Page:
Chandranath Shiva Temple, Hetampur, West Bengal
From Ilambazar we drove to Hetampur, a dust covered, sleepy, remote town just to see two forgotten terracotta temples. This post is on Chandranath Shiva Temple. While it features in the ASI list of protected monuments in West Bengal, I am sure not a single Indian Rupee is spent on its maintenance. Almost the whole of its surface area is covered with black dried moss, with patches of reddish brown tiles peeping from here and there. The monument badly needs a face scrub and a good coat of terracotta touch.
Chandranath Shiva Temple, Hetampur
Chandranath Shiva Temple is dedicated to Lord Shiva. Soon I overcame the disappointment of seeing its dilapidated state. I was fascinated and full of admiration for the brilliant art work on the facade. So much of it is hidden; there is good scope for wonderful pictures here. It is the 9 pinnacled, navaratna style of Bengali architecture. Each pinnacle is topped with woman’s figure with arms stretched out.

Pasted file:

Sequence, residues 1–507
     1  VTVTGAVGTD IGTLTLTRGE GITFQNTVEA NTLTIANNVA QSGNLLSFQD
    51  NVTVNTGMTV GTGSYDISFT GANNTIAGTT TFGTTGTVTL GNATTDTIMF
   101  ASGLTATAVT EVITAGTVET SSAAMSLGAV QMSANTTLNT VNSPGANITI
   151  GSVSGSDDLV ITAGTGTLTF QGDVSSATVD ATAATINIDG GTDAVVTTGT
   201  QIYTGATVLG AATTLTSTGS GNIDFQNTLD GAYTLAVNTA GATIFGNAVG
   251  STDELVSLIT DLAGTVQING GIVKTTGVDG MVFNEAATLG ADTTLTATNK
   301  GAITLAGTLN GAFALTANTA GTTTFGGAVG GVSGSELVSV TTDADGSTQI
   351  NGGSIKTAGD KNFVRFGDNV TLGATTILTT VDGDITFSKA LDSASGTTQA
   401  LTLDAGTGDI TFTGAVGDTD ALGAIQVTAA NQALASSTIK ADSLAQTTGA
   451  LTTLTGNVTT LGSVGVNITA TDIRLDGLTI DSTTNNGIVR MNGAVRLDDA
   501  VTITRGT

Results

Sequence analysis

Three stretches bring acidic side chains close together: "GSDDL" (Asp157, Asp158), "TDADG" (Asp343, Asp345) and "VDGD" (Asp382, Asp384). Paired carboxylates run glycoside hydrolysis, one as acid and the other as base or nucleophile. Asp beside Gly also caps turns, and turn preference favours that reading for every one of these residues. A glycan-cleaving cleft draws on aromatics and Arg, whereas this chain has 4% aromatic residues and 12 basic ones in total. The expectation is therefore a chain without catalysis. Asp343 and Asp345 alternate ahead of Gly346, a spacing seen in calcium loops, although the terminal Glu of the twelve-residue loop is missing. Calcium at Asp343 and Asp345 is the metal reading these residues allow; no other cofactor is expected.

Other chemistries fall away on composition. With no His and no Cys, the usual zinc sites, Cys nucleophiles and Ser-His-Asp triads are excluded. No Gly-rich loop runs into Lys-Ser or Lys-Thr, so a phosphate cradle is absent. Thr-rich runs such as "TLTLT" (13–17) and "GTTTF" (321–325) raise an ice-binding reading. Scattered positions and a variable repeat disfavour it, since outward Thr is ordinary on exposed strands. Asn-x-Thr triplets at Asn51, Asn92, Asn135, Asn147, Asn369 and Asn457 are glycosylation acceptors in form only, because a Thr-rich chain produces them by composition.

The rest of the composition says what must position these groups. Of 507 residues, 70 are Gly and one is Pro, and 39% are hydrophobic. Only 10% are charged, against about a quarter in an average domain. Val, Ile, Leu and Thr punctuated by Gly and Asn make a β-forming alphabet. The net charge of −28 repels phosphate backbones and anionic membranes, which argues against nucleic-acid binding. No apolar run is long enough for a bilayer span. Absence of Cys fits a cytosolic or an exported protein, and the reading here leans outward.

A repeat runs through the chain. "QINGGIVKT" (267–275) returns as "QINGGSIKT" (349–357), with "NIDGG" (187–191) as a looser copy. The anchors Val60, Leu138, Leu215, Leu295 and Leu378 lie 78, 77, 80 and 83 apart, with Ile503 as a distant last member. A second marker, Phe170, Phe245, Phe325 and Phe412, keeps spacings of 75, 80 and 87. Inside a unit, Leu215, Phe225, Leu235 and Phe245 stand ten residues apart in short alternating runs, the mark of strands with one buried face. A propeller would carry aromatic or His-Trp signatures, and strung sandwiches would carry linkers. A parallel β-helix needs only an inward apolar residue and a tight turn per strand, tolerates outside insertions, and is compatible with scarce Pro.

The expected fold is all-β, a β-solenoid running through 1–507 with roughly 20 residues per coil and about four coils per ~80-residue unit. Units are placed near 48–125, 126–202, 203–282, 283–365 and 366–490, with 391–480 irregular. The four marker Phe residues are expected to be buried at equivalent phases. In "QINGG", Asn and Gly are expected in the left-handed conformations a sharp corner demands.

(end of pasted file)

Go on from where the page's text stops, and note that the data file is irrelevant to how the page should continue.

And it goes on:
Chandranath Shiva Temple, Hetampur has a good fusion of Bengali and English art style and subjects. The façade has a mix of stories of several themes and subjects.
Some of the panels had figures depicting English dressing styles of 19th century. The depiction of English women in the walls hints at their presence and their influence on local art. There is a portrait of Queen Victoria, European nuns, hat wearing men and priests. The architects and artists of those days were definitely impressed by their styles or were they forced to depict them on temples? Nobody was around to answer any of our questions.
There is hardly any space on either side of the temple; a shop on one side and double storied house on the other. Though a double courtyard enhances the entrance. Inside is a white Shiva Linga, it did look like prayers were being offered here. I just felt like praying, “O! Lord Shiva, please protect your own abode from the land sharks!”
Other terracotta temples of Hetampur
Dewanji Temple is another terracotta Temple of Hetampur that is wearing away and succumbing to time. Gol Mandir, another terracotta temple no longer exists. Thankfully its memory survives in photographs. Mukul Dey had photographed these terracotta Temples in 1940s.